In the film, Burke and Dickey made the point that they thought their story would serve as a condemnation of the mainstream media’s inability to do basic fact-checking. To realize, for example, that no Lennay Kekua had graduated from Stanford. But instead, people focused on things like whether you were in on the hoax, or speculation about your sexual orientation. Looking back, were you surprised by that outcome?

Yeah. As an athlete, you’re like, “I’m probably going to hit ESPN. Maybe the local news.” That’s about it. But this went to everybody. It was surprising, to say the least. I was like, “Where are you getting these facts from?” But I can’t control what they say. I’m going to control what I can control, and then we’ll do the best with that.

What is your message for Naya Tuiasosopo?

Forgiveness. For me, forgiveness is powerful because, one, it’s not only for the person that you’re forgiving. It’s also for yourself. It’s not like Naya reached out to me and said, “Please forgive me.” Never have I been asked by Naya to forgive Naya. It was given already, because I knew that’s what I needed to do. And the next part is, forgiveness is unconditional. There’s so much power and peace that comes with that. If you want to have peace in your life and take control of your life again, forgive.

Naya Tuiasosopo, in a still from 'Untold.' Tuiasosopo developed an online identity as Kekua and carried on a relationship with T'eo (Courtesy of Netflix)
Naya Tuiasosopo, in a still from 'Untold.' Tuiasosopo developed an online identity as Kekua and carried on a relationship with T'eo
Courtesy of Netflix

While you made a nice living during your seven-year NFL career, it’s pretty clear from the film that the catfishing incident prevented you from becoming a first round draft pick, and caused anxiety in your initial years with the San Diego Chargers. It’s reasonable to imagine you making millions more if this had never happened. You also talked about an incident where Naya, talking as Lennay Kekua, said your name between breaths on the other end of the phone line, leading you to believe that you were essentially helping prolong her life. There’s a lot of trauma there. How did you get over that hump to where you could forgive?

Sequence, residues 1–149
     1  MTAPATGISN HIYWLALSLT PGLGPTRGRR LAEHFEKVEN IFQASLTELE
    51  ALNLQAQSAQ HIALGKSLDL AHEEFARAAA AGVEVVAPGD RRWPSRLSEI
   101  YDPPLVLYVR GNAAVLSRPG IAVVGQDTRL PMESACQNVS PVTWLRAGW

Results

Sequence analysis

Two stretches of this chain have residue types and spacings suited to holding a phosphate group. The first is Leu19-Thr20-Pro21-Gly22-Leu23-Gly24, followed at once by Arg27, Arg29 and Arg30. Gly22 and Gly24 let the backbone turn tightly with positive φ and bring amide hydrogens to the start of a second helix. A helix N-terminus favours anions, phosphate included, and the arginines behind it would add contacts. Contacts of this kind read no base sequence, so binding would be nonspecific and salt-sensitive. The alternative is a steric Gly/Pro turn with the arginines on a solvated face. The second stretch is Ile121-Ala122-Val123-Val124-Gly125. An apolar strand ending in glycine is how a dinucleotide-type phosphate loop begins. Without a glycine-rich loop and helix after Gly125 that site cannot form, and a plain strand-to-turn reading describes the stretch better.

During that time, I carried this anger with me. That was drowning me. My whole world was just a spinning hurricane. And I was desperately in search of peace. I exhausted everything I could do, bro, in order to try to rediscover who I was. I would put quotes on my mirror in my apartment. I made this book, called Dear Manti. Every time my siblings and my parents would come visit, I would give it to them. I’d say, “Hey, before you guys leave, write write me a letter.” Because I would need to remember. I would watch old film of me in high school. I tried to remember how how I felt, the confidence. I realized that the only way that you could gain peace is to let go of anger, to forgive. People who harness this feeling of hate, of anger or revenge, you are giving somebody else power over your life to dictate how you live your life. And what an expensive price that is.

Would you ever get in a room with Naya to talk about what happened with the catfishing incident? To sort of hash things out?

I’m not too sure.

Why?

Well, because at the end of the day, you still did this to me. Everything that I wanted to say to Naya I was able to say it in the most genuine way possible for me. “Hey, listen, I forgive you. And I hope you and your family are OK. And I’m OK. And we can we can go our own ways.” I have no ill will. Everything that I wanted to say, everything that I wanted to do, I think the documentary covers all of that.

What’s next for you?

I don’t know. The one thing I know for sure is that there’s this little baby girl right next to me—she’s asleep. My wife’s here. We’re expecting a son. My wife’s in nursing school. I’m supporting her in her nursing school. She wants to open up a med spa. I’m all for that. So if anybody wants some med spa work in like four years, I think my wife will have herself up.

But honestly, bro, I just want to raise good human beings. When they go to school. I want them to look out for the kid that’s sitting by themselves at the cafeteria and go sit by him. I want them to help a kid who drops their books, to pick them up.

You last played for the Chicago Bears practice squad in 2020, and are listed as an NFL free agent. Is football something you’re still pursuing? Or are you done?

Yeah, I’m done, bro. That life got me. I’m addicted to it. I want to be here to raise my kids. I give so many of my teammates who have families credit, and their wives even more credit. The amount of time that we spent away from from families, I can’t imagine being away from my kids that long.

If you had one regret through all this, one thing you would do different, what would it be?

The only regret I have is, there are a lot of people after 2013 that genuinely loved me. There were a lot of people that came to support me and were offering their help. But because I was in a dark place, I couldn’t receive that help. I didn’t appreciate that help.. So there are a lot of people that were genuinely there to help me that I didn’t appreciate the way that I should have. I wished that I would have handled that love and that assistance more carefully.

That’s interesting, because the easy answer to that question would be, I wish I didn’t start talking to Lennay Kakua. Correct me if I’m wrong, but it doesn’t sound like you second-guessed that decision a ton.

I mean, I wish this whole thing didn’t happen. But my biggest regret, personally for me, is that myself and my actions affected somebody else in a negative way.

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Write to Sean Gregory at sean.gregory@time.com.